30 December 2008

What Came First? The Monuments or The Agriculture?

Or, was the Neolithic Revolution, during which agriculture and thus populations exploded, brought about by the need to feed large groups who gathered to build (and later worship and celebrate at) monumental structures? Or was advanced agriculture already taking place which then allowed for the feeding of large groups of builders and later worshipers and celebrants?

This is something that has long puzzled me. It's also been a subject of debate among archaeologists and historians for years. And while this fascinating archaeological dig in Turkey doesn't actually settle the problem it promises of great things to come. For, you see, only about 5% of the entire area has been excavated and it will be many years before everything is uncovered. But what has been uncovered is amazing.

But the location, age and sheer size of Gobekli Tepe have led some to posit a radically different explanation for the change. "The intense cultivation of wild wheat may have first occurred to supply sufficient food to the hunter-gatherers who quarried 7-ton blocks of limestone with flint flakes,"

What is most interesting about the site is that, so far, it looks to have been constructed right smack at the point when the semi-nomads settled into communities. In other words, this site was built by a new breed of men who, unlike everyone before them, began to live in structured communities. This is one of the most important time periods in the history of the human race. Settled communities, brought on by the need to sew, watch over and harvest crops, lead to everything that we think of as civilization: planned cities, organized work forces, writing, mathematics, etc. If not for this radical change the human race might not have even survived!

And, interestingly enough, the sudden change might not have been so sudden and may have taken place for a completely different reason.

For many experts, climate change was behind the transformation. Global temperatures had been warming gradually since the last Ice Age. Between 10,800 and 9,500 b.c., they suddenly plummeted again.

From a pagan perspective I can't help but wonder about the role of early religion within this debate. After all, the ancient monuments weren't just built with simple, pointless partying in mind. Some of them were probably temples dedicated to specific deities and many of them were built to mark solstices, equinoxes and other celestial events. So, what role did that play? Was there a religious revolution which then brought about the agricultural revolution? Did the ancient pagans decide to build big to show veneration for their gods which then brought about the need for more food? After all, if you got several hundred, or even thousands, of people quarrying and transporting huge stones that doesn't leave much time for hunting. If you've got 1000s of man hours devoted to massive earthworks there's not going to be time or energy for the tracking of game.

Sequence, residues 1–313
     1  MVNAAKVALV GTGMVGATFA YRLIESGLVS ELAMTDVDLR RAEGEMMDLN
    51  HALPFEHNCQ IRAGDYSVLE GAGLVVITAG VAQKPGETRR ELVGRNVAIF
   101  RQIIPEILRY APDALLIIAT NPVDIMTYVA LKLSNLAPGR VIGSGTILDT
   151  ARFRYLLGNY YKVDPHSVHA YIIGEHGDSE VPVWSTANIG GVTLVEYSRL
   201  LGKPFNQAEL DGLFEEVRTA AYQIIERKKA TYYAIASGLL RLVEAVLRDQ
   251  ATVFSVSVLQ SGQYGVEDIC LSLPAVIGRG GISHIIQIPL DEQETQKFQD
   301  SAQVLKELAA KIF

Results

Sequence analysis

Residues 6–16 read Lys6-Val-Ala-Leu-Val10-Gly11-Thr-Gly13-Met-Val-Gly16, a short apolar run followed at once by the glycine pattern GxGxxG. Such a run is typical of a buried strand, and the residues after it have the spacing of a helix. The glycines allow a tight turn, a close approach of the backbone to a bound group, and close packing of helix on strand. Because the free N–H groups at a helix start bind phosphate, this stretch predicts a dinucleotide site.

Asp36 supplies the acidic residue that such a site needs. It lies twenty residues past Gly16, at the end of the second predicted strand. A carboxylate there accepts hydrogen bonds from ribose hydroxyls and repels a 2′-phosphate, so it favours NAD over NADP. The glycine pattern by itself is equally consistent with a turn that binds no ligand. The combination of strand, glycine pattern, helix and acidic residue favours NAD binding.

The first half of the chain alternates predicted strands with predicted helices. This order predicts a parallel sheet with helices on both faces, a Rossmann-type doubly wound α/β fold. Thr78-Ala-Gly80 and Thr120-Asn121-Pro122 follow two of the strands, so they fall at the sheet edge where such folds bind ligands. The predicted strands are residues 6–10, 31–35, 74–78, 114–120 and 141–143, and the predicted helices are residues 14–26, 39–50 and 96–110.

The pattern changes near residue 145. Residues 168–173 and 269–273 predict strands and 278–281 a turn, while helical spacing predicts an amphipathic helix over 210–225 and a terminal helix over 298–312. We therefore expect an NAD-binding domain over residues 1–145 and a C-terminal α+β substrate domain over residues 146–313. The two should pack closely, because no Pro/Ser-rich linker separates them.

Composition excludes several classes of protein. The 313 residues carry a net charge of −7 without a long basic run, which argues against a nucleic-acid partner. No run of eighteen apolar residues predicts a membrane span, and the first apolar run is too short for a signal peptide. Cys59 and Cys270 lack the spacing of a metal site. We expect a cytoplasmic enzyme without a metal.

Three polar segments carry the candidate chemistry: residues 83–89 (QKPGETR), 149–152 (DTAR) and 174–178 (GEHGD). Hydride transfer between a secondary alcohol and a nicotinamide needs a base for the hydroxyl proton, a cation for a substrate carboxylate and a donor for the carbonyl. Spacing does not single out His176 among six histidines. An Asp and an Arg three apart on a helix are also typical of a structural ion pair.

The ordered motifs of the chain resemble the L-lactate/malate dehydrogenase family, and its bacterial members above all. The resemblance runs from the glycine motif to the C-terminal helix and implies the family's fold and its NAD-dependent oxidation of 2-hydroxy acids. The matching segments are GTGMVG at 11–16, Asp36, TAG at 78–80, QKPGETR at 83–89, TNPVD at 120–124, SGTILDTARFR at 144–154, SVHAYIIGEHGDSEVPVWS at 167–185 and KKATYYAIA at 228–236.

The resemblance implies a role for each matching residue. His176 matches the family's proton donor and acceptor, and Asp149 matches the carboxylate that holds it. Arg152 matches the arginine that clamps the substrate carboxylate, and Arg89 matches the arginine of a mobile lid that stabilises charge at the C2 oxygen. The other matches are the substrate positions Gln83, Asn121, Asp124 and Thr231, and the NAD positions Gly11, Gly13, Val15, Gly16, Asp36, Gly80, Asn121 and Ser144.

I guess what it really boils down to is that we may never be certain what brought about the Neolithic Revolution but that, in future decades, the site of Gobekli Tepe in Turkey may contain a lot of revelations. Personally, I think the answer probably lies somewhere in between the various theories. Some people wanted to build big and realized they'd need a lot of food to nourish their workforce while others in another region decided to build big simply because they had plenty of well-fed folks with nothing much to do while the plants grew. I'm not discounting the climate change as catalyst for change theory either. If things got colder it would stand to reason that people might come together to tough it out. After all, communities provide more people to cut and gather firewood. More people crammed into the same building means more body heat. But then, more people means more help with the harvest too. So, who knows?


Cygnus MacLlyr said...

It kind of senses out to me that improvements in tools -- well, first the discovery of agriculture... but that's a given; suddenly, we can grow food. tools improve, allowing bigger crops. thus a need to better predict/ track the seasons. errect monuments to help do so, and certain 'dates' become festive...

I've no proof whatsoever, but the simplicity of linear progression seems logical.

Good food for thought, Lady

Have a great day!


Livia Indica said...

Oh yeah, I've mentioned to advancements in toolmaking in previous posts but I forgot about it this time.